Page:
From decorating and baking to visiting family and sitting down to dinner, there are many ways to enjoy the holiday season. As the year wraps up, consider bringing some holiday spirit to your workplace and express your appreciation and support to your staff with a holiday bonus.
When most people think of a holiday bonus, money comes to mind. However, other types of holiday bonuses exist. Below, you’ll learn about the benefits of sharing holiday bonuses with your team and find tips for making the most of these seasonal gifts.
A holiday bonus is a gift given by an employer to an employee during the holiday season. A holiday bonus can be a physical gift, extra paid time off or, most commonly, a monetary payment.
Holiday bonuses differ from year-end bonuses. With year-end bonuses, an employer typically considers the employee’s years of service, base pay or performance level. In contrast, holiday bonuses are usually distributed equally to all employees.
If you’re considering giving holiday bonuses to your employees this year, it’s essential to keep the following points in mind:
There is no average holiday bonus because they vary so widely among organizations. Many companies have moved away from cash bonuses. According to a 2022 survey from Skynova, one in 10 employers planned to skip cash bonuses. Some of these employers opted to replace bonuses with pizza parties or gift cards.
If companies do offer cash bonuses, there are vast differences in how they award them and how much they give. Some examples include the following:
“I pay my bonuses out based on two factors: the employee’s overall performance review and the number of years the individual has been with the business,” shared Laura Fuentes, operator at Infinity Dish. “I start annual bonuses at a minimum of 2 percent for the first year and max out at 6 percent.”
Monetary holiday bonuses can be paid in various ways. For example, you can provide a bonus as a stand-alone check or build it into your employees’ regular paychecks. You can also give physical gift cards or certificates. However, note that the IRS also taxes these bonus forms. It might be a good idea to work with your payroll service or accountant to ensure your bonuses are taxed properly and above board. (More on bonus taxes later.)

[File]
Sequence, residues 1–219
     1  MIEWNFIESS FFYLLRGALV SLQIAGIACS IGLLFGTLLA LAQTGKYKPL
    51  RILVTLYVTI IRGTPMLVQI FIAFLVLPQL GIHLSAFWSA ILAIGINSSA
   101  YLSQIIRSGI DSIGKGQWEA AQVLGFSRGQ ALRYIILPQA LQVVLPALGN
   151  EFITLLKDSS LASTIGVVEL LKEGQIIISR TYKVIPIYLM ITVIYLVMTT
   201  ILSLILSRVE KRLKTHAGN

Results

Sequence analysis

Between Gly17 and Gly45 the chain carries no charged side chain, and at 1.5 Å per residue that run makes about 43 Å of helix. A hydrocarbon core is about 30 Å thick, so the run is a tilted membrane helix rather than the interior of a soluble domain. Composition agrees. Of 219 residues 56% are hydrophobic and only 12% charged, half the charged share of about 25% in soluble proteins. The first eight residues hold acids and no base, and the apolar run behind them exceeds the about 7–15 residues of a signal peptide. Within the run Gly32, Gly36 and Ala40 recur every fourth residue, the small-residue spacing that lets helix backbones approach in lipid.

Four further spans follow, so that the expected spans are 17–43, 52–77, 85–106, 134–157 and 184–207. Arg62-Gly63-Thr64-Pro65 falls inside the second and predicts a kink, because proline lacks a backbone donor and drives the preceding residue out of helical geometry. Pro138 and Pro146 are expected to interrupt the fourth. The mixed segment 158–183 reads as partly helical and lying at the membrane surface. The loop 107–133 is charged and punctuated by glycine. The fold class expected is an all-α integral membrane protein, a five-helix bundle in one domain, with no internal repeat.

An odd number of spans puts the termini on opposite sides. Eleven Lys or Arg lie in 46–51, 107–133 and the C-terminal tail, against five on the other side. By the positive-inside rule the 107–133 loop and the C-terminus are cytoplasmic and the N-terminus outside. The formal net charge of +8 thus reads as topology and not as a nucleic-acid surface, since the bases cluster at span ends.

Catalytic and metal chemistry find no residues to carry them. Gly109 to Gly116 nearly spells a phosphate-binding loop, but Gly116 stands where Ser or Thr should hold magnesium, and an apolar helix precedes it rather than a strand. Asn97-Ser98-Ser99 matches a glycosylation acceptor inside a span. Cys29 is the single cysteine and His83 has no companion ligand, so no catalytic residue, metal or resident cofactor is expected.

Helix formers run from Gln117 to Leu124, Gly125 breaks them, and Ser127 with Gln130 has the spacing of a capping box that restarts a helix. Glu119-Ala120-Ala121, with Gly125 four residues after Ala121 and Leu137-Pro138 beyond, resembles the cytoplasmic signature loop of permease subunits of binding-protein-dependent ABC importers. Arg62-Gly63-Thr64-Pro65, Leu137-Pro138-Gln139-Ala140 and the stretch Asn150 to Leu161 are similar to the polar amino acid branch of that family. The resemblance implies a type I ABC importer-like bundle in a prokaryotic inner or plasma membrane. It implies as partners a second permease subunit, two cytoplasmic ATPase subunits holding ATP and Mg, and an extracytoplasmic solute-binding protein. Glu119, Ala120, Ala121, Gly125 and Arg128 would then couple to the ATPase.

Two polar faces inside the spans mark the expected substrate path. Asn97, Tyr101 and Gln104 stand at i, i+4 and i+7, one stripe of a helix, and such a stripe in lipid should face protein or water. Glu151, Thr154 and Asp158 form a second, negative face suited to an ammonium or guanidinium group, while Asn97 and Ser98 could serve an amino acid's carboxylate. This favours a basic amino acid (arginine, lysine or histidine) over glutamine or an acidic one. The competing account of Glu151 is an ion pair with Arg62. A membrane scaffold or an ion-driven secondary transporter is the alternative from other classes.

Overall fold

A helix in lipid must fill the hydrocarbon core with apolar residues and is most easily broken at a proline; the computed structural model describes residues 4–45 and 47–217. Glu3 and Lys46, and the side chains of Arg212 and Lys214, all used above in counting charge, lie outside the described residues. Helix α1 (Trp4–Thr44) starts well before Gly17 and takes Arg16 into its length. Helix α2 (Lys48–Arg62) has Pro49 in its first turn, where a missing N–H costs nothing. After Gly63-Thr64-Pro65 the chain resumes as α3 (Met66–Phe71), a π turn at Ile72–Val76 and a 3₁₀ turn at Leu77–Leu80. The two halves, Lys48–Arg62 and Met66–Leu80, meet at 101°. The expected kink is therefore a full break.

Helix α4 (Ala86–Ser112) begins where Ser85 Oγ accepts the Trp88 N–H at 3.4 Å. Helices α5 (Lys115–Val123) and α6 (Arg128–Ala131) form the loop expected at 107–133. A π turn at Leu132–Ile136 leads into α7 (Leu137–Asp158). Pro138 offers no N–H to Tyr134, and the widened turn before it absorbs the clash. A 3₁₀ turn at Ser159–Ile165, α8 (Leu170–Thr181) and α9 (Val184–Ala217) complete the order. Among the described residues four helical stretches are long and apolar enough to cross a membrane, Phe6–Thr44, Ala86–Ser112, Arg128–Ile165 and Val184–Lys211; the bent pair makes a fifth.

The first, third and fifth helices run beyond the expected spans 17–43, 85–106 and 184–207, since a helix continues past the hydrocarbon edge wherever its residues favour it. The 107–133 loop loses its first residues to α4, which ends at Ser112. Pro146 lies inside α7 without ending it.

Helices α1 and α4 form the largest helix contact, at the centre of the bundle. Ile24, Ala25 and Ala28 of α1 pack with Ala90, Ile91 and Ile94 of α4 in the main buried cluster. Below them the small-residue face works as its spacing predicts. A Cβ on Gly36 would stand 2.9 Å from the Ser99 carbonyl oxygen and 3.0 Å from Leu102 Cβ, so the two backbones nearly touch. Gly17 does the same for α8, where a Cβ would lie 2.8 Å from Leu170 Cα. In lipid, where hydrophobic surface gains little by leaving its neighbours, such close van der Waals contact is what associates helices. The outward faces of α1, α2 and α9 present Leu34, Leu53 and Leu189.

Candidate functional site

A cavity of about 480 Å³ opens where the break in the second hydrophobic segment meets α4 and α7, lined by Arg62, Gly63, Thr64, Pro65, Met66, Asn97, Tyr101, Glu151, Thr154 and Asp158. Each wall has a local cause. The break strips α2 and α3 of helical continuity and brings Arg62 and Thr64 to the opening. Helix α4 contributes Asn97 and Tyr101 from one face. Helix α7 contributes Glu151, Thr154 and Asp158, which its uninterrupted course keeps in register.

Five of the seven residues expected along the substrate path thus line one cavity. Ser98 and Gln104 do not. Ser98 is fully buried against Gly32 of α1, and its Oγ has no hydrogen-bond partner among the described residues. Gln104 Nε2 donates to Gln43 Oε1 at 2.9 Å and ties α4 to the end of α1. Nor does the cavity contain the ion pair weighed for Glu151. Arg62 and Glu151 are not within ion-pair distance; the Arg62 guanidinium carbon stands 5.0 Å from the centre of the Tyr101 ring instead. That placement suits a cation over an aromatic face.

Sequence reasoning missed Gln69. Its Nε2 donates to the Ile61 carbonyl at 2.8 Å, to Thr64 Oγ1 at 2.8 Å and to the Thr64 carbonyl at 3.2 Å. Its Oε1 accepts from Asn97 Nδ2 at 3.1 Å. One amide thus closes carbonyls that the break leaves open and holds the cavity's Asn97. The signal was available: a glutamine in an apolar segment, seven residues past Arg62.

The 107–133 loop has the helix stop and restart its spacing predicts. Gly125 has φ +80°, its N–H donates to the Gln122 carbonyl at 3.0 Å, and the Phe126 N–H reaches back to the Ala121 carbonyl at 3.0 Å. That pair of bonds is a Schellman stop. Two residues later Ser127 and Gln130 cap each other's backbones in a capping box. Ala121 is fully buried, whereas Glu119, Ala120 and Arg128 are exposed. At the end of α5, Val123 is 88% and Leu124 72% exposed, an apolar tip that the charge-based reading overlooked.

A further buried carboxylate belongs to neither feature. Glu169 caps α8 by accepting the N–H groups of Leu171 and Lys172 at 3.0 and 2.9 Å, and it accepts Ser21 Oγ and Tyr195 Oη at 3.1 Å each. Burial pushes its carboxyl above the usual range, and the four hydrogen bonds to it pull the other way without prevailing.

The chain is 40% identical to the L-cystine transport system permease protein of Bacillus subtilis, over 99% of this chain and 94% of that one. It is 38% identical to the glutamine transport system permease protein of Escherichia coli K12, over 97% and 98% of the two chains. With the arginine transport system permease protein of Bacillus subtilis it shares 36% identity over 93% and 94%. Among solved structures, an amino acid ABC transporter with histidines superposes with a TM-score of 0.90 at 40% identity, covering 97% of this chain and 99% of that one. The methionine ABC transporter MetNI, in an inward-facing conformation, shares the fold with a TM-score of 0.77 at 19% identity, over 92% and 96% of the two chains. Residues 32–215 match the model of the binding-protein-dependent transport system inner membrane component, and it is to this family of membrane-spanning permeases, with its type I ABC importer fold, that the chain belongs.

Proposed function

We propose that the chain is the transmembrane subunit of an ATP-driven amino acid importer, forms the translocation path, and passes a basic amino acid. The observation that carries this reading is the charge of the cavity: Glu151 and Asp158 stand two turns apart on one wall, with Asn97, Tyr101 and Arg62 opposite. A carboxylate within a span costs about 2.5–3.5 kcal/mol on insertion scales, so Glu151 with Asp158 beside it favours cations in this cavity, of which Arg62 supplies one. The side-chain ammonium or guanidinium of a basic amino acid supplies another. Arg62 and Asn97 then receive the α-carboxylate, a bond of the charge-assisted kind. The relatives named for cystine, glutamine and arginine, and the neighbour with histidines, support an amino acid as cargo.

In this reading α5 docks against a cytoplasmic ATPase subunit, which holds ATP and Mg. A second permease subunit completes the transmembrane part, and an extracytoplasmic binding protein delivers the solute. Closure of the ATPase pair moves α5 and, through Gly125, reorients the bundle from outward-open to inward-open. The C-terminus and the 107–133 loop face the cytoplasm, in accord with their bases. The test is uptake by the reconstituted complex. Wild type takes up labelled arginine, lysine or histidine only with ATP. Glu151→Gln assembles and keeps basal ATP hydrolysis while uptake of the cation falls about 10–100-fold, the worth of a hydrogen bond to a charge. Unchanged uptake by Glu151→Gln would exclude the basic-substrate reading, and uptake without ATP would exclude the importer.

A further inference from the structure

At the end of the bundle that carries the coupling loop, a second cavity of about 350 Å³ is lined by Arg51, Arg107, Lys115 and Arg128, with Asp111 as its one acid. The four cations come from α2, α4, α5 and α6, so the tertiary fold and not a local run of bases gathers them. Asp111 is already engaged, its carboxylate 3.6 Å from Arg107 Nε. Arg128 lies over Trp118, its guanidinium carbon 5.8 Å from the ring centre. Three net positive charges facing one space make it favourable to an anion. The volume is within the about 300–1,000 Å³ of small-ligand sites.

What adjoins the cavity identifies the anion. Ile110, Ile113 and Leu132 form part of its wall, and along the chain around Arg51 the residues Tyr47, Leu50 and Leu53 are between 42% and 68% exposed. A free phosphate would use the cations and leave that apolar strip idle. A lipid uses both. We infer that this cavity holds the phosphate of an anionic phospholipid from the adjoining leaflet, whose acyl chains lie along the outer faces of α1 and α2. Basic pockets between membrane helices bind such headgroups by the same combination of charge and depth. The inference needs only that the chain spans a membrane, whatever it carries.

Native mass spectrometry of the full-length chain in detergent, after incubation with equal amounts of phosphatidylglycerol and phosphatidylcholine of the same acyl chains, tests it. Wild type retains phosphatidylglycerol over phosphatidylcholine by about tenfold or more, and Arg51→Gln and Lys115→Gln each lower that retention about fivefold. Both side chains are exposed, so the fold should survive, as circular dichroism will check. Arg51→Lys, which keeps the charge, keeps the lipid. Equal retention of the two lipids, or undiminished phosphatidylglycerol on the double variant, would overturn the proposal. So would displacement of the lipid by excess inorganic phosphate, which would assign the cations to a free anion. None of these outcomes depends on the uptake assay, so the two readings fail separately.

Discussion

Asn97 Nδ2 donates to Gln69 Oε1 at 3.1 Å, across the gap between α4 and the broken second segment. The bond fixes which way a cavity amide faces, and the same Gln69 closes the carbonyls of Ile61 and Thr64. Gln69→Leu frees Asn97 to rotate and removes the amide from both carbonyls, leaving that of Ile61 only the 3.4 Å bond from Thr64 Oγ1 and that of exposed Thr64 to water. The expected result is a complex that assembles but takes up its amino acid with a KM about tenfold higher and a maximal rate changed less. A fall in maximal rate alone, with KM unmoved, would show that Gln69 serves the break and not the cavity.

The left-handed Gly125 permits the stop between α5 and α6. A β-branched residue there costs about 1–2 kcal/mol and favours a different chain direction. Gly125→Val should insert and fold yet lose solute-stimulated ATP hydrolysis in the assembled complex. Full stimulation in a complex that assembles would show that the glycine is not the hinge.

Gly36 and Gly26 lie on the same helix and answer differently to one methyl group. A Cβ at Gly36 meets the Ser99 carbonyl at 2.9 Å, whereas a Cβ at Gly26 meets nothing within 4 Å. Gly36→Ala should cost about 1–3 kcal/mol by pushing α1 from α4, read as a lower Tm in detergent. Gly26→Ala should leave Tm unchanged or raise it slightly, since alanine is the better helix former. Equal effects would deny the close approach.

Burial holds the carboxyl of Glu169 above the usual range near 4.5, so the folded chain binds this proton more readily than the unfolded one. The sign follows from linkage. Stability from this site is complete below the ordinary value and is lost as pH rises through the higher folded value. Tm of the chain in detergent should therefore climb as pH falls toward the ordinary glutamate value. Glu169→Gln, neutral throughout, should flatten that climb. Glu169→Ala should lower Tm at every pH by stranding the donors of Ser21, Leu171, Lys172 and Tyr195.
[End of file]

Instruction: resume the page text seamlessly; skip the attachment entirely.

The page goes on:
“In some industries, such as finance, bonuses are closely tied to employee performance and can vary dramatically within and between teams,” explained Andrew Schrage, CEO of Money Crashers. “Elsewhere, all employees of the same rank receive the same bonus. Amounts can vary from token-sized (think $25 or $50 gift cards) to amounts greater than the employee’s total regular compensation. The latter is more common among highly compensated executives and financial professionals.”
Just as every company operates according to its own procedures, companies also individually determine whether they want to award their employees holiday bonuses. A 2020 Bureau of Labor Statistics survey uncovered differences in holiday bonuses between companies with fewer than 100 employees and companies with more than 100 employees.
According to the survey, 9 percent of employees who worked at companies with fewer than 100 workers received holiday bonuses. However, companies with more than 100 employees were less likely to give their employees holiday bonuses. Only 3 percent of workers at these larger companies received a holiday bonus.
Holiday bonuses have many benefits for your employees and your business:
Because holiday bonuses are considered compensation, they are taxed. However, bonuses are taxed at a different rate than an employee’s salary on both the state and federal levels.
“Like regular payroll, bonuses are subject to income tax, Social Security and Medicare excise taxes and Federal Unemployment Tax (FUTA),” explained John Strohmeyer, proprietor of Strohmeyer Law. “But unlike regular payroll, bonuses are supplemental wages, which are generally subject to the mandatory flat withholding rate of 22 percent if the business has an annual payroll over $1 million. This rate may be higher than the employee’s normal withholding rate, which can confuse employees.”
Generally, the IRS requires a 22 percent federal income tax on all supplemental income, including bonuses. As an employer, you may choose to include your employees’ bonuses with their regular paychecks and withhold taxes on the total amount, which can result in a higher withholding. As such, it may be easier to give employees a separate bonus check.
Employees’ holiday bonuses are taxed at whatever rate is required by state law. Check your state’s tax rates to ensure accuracy.
The Federal Insurance Contributions Act (FICA) is a law that mandates a payroll tax on employees’ paychecks and employer contributions to fund Social Security and Medicare. The first $168,600 of annual income is subject to this tax, so your employees’ bonuses will be subject to this tax if they have not yet hit that amount.
Holiday bonuses can be a great way to express your gratitude toward employees, promote motivation and reinforce a positive work culture. Planning your bonus structures carefully well before the end of the year allows you to budget for them properly as well. This way, you can ensure a seamless and meaningful gesture that resonates with your employees long after the holiday season.
Shayna Waltower contributed to this article. Source interviews were conducted for a previous version of this article.